The emotions I felt when I realized this were unexpected and powerful. Of course, there was relief—I now had a foothold that would allow me to grasp toward my next challenge with greater ease. But there was also awe and wonder. All of a sudden, Lordran felt like a real place, a world in which real people built real structures whose architectural purpose wasn’t just to provide the backdrop to my little adventure. My perspective also changed. I now saw myself for what I was: a small, quivering wanderer surrounded by a vast, interlocking world, crouching close to the fire, trying to keep my embers alight.
I’m not the first to suggest that it’s this realistic interconnectivity that gives the Souls series its je ne said quo, as opposed to its punishing difficulty. In fact, despite Dark Souls II’s marked increase in difficulty, it fared worse among critics, many of whom shared Marty Sliva’s disappointment in the fact that Drangleic felt “more like a large collection of levels than one natural single world.” Bloodborne, meanwhile, has been praised for both recovering and improving upon the revelatory geography of the original.
All of this makes me wonder: Just what is it about this kind of progression that feels so satisfying? What can make the discovery of a side path as thrilling a victory as the slaying of a giant sword-wielding wolf or a shambling heap of rotting corpses?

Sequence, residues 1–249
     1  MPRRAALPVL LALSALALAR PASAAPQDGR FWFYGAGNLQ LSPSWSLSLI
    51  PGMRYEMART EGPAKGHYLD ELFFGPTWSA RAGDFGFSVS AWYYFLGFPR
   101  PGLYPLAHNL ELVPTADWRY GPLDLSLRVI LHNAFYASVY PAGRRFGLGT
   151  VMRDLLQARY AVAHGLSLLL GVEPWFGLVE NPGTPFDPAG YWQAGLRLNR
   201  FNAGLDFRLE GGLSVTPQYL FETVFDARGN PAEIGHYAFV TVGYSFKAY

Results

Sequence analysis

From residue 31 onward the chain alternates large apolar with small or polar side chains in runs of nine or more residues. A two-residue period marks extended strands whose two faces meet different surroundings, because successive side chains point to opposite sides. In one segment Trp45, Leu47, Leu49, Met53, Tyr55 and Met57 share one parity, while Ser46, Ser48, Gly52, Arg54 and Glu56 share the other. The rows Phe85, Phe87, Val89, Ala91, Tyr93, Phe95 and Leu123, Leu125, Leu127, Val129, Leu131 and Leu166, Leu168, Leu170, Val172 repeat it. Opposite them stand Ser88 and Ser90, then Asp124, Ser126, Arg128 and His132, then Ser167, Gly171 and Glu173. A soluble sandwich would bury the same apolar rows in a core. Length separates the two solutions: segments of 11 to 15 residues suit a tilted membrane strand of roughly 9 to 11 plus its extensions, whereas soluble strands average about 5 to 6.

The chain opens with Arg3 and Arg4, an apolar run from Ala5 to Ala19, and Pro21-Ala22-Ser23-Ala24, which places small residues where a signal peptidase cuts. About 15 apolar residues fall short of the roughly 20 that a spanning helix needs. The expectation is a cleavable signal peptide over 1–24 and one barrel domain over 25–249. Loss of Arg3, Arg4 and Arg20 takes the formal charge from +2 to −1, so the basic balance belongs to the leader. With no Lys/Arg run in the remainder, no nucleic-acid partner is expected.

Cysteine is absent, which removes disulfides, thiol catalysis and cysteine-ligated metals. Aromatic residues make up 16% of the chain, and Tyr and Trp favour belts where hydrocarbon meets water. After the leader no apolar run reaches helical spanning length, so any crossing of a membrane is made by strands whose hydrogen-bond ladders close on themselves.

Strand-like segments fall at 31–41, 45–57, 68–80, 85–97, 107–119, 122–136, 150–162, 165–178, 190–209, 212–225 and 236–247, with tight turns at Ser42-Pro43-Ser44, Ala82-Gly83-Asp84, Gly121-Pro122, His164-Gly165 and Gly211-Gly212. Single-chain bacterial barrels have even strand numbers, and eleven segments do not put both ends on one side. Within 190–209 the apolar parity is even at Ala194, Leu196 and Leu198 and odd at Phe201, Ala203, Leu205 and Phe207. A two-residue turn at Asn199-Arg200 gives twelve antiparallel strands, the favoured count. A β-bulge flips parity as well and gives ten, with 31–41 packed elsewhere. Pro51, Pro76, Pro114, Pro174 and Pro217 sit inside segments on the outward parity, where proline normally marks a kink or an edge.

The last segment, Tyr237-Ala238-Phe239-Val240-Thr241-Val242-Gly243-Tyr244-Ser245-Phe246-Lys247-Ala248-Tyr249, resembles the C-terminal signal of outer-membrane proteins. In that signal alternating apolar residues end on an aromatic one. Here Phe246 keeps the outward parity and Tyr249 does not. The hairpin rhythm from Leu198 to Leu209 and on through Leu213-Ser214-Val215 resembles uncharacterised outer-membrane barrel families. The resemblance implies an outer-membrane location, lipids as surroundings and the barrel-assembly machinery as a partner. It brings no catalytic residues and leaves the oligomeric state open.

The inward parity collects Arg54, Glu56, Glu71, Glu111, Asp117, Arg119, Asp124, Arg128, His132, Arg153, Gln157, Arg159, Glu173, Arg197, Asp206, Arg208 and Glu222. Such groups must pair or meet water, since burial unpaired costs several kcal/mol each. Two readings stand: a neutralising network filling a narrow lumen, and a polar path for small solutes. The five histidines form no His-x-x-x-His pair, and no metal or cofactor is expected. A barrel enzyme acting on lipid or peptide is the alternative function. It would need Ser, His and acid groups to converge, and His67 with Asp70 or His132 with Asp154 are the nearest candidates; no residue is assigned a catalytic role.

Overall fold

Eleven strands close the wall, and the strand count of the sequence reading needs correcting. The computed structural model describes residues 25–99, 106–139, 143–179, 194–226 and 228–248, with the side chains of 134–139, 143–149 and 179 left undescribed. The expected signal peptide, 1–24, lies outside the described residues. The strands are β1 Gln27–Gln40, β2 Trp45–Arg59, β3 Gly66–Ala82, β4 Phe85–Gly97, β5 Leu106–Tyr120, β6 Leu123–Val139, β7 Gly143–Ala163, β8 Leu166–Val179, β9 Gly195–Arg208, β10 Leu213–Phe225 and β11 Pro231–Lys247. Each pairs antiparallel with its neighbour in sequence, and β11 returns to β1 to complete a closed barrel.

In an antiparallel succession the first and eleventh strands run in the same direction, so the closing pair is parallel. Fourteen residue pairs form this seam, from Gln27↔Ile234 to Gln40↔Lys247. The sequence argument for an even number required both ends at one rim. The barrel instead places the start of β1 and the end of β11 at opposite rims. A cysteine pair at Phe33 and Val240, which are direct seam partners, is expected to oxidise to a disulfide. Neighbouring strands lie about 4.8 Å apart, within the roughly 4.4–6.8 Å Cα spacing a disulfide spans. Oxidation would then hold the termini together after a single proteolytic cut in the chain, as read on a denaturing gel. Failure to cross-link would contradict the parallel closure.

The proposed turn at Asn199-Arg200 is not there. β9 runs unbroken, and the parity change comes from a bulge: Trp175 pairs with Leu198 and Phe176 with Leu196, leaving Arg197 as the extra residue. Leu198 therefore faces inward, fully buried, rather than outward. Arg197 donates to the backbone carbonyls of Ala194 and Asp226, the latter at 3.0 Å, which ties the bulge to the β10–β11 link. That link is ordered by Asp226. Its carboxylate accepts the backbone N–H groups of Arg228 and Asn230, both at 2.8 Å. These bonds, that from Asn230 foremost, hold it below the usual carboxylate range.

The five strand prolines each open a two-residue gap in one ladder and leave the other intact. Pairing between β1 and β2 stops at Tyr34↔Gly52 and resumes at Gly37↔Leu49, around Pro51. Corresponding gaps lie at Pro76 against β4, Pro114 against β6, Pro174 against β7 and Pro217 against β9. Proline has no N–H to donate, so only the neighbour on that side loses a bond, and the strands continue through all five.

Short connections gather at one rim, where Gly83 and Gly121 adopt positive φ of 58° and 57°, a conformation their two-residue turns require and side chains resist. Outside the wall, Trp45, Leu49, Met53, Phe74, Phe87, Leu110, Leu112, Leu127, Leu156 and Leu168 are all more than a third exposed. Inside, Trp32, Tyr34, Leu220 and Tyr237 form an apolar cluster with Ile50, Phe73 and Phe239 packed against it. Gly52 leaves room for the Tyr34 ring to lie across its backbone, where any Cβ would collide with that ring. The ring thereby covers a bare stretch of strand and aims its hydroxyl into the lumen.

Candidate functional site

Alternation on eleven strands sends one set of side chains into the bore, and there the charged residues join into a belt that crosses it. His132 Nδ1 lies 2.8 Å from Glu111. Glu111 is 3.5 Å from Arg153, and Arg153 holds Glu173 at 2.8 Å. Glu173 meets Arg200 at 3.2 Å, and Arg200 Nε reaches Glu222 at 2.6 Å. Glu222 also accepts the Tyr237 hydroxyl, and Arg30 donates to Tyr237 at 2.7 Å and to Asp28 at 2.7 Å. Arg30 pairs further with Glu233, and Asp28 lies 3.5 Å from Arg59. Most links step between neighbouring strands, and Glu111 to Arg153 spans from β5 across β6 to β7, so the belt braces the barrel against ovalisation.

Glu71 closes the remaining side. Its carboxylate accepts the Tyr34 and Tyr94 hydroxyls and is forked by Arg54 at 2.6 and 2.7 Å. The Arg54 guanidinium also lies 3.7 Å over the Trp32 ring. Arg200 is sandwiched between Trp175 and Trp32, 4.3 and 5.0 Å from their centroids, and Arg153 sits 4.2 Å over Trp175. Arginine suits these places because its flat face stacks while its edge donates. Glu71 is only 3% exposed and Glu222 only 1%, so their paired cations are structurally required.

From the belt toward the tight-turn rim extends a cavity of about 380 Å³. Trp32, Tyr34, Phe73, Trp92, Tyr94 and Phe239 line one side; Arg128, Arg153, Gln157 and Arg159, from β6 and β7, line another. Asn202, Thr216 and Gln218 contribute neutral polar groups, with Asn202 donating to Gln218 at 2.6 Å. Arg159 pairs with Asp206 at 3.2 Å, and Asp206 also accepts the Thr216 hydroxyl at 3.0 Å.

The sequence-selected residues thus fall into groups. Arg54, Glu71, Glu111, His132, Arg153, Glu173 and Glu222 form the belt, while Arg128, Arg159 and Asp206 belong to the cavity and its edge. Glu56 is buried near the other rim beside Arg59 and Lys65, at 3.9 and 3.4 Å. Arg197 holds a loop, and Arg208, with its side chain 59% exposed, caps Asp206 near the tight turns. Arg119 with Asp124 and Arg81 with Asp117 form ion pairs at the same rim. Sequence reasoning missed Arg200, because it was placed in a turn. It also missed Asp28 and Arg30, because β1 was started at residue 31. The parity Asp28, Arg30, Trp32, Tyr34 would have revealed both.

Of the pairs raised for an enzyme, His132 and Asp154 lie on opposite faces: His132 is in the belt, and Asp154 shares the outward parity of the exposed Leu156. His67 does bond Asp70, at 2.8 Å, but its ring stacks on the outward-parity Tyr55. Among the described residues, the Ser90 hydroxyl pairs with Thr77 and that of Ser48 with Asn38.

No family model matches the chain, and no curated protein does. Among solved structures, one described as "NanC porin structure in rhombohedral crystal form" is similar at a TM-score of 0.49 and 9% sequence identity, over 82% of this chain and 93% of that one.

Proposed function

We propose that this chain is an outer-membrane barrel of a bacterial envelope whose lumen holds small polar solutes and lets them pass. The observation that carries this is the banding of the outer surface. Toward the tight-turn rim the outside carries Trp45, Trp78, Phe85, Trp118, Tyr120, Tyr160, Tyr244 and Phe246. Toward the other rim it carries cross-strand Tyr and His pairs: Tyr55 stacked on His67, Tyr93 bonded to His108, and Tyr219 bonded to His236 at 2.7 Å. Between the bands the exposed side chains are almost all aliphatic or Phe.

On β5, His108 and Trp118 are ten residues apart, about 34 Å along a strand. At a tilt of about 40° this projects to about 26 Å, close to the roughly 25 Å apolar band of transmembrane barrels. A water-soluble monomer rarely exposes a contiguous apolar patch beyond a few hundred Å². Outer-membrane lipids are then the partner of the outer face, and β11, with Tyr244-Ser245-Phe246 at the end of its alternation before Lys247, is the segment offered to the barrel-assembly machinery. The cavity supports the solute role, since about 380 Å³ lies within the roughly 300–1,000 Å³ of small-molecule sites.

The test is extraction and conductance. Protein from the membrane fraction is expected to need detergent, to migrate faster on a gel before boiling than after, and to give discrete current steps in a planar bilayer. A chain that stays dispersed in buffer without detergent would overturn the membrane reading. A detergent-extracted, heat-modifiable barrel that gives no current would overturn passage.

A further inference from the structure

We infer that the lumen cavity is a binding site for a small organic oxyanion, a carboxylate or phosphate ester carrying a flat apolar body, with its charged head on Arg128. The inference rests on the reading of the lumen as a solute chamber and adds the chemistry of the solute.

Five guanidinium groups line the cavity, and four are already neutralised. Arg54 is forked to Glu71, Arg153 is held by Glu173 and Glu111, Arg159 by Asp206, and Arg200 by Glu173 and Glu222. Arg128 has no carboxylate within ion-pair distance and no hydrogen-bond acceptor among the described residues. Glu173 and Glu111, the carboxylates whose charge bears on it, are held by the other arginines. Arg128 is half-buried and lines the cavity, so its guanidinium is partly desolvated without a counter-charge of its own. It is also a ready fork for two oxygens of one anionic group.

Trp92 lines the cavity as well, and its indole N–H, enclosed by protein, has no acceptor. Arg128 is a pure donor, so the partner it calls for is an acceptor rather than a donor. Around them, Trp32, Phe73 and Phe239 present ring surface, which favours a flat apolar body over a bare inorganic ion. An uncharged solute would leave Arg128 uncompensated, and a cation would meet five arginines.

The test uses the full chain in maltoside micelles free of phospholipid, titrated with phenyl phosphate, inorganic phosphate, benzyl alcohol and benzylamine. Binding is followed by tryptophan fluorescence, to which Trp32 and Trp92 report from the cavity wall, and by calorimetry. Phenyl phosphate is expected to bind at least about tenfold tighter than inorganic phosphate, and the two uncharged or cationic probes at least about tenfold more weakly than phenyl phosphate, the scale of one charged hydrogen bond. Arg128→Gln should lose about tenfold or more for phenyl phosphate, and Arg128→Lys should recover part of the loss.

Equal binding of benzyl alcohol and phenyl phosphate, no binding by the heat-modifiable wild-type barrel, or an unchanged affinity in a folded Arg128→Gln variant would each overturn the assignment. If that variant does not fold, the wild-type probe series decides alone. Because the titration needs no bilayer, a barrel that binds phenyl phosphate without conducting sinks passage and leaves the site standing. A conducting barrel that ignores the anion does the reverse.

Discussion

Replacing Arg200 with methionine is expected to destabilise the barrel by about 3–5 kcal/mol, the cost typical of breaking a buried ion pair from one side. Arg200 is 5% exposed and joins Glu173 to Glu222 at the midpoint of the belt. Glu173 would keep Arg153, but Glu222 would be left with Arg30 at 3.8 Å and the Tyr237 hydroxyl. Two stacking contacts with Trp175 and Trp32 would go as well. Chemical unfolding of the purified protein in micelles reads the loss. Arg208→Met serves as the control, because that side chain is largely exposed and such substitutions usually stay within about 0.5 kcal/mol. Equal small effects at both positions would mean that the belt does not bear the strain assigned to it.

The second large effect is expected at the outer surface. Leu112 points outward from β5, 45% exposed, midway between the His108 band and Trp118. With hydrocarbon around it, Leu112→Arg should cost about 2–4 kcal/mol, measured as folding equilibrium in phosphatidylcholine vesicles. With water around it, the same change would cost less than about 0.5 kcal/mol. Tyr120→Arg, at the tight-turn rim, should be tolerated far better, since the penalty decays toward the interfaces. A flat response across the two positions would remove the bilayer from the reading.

One answer to these questions can be found in the way many thoughtful Christians experience doubt as their faith grows. If a follower of Jesus takes seriously the biblical call to love the Lord our God with not just the heart and soul, but also the mind—all of it—doubt is unavoidable. We are bound to eventually come up against a truth that challenges our presuppositions—the evolutionary evidence of the fossil record, for instance, or the long, dark history of church-sponsored atrocities. In the long shadows of such apparent threats to our faith, it’s easy to balk, to hunker down and sit safely by our dim, flickering flame.
But that’s no way to grow, either in Soul Level or in Christian maturity. Doubt requires courageous endurance to confront—and as Paul writes to the Roman church, that endurance crafts the character that ultimately produces hope. If we linger by the fireside, our embers fade to ash; but if we press on forward, we can be the ones to bear a torch into the shadows and help others to see.
What’s more, as we face down our doubts, something pretty amazing happens: we find ways back. In college, for instance, confronting the canonical controversies that shaped Scripture causes many to feel that the Word of God is being stripped of its power. Through the encouragement of professors and pastors, however, some press on to discover that their appreciation for the Bible’s history has only deepened their love for its truths. In fact, the most faithful (and orthodox) Christians I’ve known are those who chase their doubts down through the wilds of uncertainty until they eventually lead back to more enduring assurances, more restful safe havens.
In just a few days, Dark Souls III will be released worldwide. Hopefully, despite some early reports to the contrary, the world-builders at From will have recognized the central truth that defines its series: challenges feel most meaningful when they eventually recede to reveal the familiar in the light of a new and brighter sun.